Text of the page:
Preserving the past: Walking among the ruins of the greatest empires

Published: January 22, 2016
(Right) Corinthian Column. (Left) The outer view of the building. PHOTOS: HIDAYAT KHAN/EXPRESS

(Right) Corinthian Column. (Left) The outer view of the building. PHOTOS: HIDAYAT KHAN/EXPRESS


Though few understand the real historic significance of Hund, one of the greatest archaeological sites of the country, it has nonetheless been plagued by relic hunters. Also, modern civilisation closing in on the ancient structures, erected by some of the greatest rulers to set foot in the subcontinent, has not helped its preservation.

Asif Raza, a young archaeologist in charge of Hund Museum, says the site was the third and final capital of Gandhara Civilization after Peshawar and Charsadda. It was later conquered by Muslim invaders led by Mahmud of Ghaznavi in 11th century CE. Talking about the past glory of Hund, Raza adds it used to be the winter capital of the Hindu Shahi rulers in 9th century CE.

Later in 1586, Mughal Emperor Akbar constructed a fort that still stands in the area, albeit dilapidated. The fort is situated just outside the museum, but trappings of urban construction are closing in. Villagers have built houses, encroaching on the historic area.

According to archaeologists, Akbar constructed the fort for military use and it is made of small bricks and stones. “Syed Ahmad Barelvi had taken refuge inside the fort during his wars with Sikhs,” says Raza.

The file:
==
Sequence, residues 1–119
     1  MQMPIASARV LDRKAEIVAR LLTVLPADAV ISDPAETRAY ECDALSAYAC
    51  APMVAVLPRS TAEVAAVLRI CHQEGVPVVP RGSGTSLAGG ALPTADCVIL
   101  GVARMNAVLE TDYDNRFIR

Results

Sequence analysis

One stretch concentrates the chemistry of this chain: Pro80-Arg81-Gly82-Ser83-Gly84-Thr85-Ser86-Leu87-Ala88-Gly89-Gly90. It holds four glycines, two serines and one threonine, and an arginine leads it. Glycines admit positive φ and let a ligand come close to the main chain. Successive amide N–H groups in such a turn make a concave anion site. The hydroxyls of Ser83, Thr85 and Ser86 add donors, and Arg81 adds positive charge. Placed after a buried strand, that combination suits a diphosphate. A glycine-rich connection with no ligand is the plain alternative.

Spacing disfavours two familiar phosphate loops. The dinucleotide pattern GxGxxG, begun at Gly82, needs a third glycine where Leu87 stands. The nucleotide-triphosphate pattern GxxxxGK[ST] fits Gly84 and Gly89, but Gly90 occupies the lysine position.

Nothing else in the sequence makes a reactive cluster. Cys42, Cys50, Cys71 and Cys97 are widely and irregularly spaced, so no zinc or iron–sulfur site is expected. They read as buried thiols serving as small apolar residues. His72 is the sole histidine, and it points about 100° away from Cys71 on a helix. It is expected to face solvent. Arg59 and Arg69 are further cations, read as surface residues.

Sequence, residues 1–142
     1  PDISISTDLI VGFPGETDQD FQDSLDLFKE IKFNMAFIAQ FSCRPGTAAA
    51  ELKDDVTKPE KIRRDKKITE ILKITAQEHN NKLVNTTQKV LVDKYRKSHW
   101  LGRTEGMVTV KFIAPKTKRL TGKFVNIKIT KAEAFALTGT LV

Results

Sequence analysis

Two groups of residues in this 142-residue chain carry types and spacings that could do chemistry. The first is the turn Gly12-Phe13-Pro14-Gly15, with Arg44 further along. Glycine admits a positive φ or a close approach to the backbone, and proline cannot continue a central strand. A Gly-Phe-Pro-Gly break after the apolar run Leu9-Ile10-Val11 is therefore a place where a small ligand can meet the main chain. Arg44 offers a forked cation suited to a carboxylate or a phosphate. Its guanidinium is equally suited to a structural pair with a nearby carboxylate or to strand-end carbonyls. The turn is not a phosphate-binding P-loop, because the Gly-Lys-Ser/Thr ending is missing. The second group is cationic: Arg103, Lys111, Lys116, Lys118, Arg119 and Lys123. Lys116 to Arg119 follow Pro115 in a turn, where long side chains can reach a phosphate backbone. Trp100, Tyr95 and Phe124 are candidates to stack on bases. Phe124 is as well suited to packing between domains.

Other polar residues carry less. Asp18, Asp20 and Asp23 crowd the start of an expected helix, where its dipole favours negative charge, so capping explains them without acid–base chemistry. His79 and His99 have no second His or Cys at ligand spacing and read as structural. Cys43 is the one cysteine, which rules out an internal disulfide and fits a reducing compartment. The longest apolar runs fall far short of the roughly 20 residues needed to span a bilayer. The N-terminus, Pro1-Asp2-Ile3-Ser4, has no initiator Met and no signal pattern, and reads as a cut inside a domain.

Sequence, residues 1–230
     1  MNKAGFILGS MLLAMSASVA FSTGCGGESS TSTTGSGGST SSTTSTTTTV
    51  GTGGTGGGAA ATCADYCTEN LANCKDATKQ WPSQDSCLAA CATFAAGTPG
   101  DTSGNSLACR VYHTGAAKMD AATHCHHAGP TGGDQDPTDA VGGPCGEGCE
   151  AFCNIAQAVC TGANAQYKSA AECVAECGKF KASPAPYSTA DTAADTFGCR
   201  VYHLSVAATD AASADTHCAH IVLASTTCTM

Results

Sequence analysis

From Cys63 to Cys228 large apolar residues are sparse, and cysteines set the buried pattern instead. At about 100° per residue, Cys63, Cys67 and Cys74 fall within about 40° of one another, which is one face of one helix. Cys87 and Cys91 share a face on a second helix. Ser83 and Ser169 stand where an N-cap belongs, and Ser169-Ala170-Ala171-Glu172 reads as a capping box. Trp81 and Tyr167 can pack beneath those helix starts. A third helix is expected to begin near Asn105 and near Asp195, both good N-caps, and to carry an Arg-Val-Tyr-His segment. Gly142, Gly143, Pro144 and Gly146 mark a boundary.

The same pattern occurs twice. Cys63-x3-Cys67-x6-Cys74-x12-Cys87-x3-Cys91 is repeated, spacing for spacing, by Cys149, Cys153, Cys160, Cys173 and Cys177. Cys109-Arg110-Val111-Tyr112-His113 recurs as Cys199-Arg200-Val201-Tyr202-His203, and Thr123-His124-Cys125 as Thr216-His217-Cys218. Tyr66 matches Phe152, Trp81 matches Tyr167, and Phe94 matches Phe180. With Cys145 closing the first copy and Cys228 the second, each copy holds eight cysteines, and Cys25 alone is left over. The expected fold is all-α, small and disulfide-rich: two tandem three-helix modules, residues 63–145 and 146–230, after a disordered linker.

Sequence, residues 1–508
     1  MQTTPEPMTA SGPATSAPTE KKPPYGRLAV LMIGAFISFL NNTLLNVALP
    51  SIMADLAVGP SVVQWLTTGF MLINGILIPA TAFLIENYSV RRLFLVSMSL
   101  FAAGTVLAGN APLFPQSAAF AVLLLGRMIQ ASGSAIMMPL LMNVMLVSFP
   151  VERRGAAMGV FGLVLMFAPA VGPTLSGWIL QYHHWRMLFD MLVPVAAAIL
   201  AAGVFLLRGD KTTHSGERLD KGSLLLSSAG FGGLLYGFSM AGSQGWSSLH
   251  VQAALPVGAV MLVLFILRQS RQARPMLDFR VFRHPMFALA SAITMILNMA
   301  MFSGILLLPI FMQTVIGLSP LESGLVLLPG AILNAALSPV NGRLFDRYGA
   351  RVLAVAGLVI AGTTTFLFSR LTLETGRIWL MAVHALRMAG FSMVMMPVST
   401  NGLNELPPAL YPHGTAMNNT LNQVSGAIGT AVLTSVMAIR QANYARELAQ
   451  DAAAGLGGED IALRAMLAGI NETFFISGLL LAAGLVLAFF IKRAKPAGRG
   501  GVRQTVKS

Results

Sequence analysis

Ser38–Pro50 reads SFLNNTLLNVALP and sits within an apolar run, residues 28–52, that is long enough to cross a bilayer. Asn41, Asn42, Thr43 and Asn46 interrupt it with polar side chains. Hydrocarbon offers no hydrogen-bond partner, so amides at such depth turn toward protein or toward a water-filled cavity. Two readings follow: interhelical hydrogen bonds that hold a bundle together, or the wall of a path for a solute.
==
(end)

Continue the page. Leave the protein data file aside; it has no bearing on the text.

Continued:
Fancying ancient ties

However, another key chapter  of Hund’s history is many believe it to be the point at which Alexander the Great crossed the Indus River with thousands of soldiers to advance on Taxila. This site is located on the bank of the river amid the agricultural fields of Swabi.

A Corinthian column, an example of Greek and Roman architecture, was recently added to the museum to symbolise the presence of Alexander the Great in the BCE. The column, erected on the premises of the museum, can be seen from far away. Hund lies 15 kilometres from Attock Fort on the northern side, while the historically important Chota Lahor is some 10 kilometres to its south.

However, there are no actual physical remains or ruins to show Alexander crossed the river at this point.

The Kushan Empire

Recent excavations around Hund Museum date the history of the area back to the Kushan Empire in the 1st century CE. The coins, statues and other relics recovered were the work of the Hunds. The search is still on by archaeologists to find evidence of Alexander’s crossing.

There are other important discoveries such as several water wells from the Hindu Shahi period. The well is finished on the inside with beautiful stone masonry. However, it is also under threat from encroachments and relic hunters.

“During excavations on the premises of the museum, we discovered the remains of a fort from ancient times,” adds Raza “The evidence shows Iranian king Kharazam Shah was followed by Mongol ruler Genghis Khan to this fort.”

Though the archaeology department has not stopped the encroachment of sites around the fort, some efforts are afoot to preserve the structure. Authorities have been able to carry out certain renovation work.

“We are trying to have legislation passed to impose harsh punishments and fines on those damaging archaeological sites for relics,” says K-P Archaeology Director Abdul Samad. He says the department is taking all measures to protect historic sites.

Published in The Express Tribune, January 22nd,  2016.

Facebook Conversations

More in KP & FATA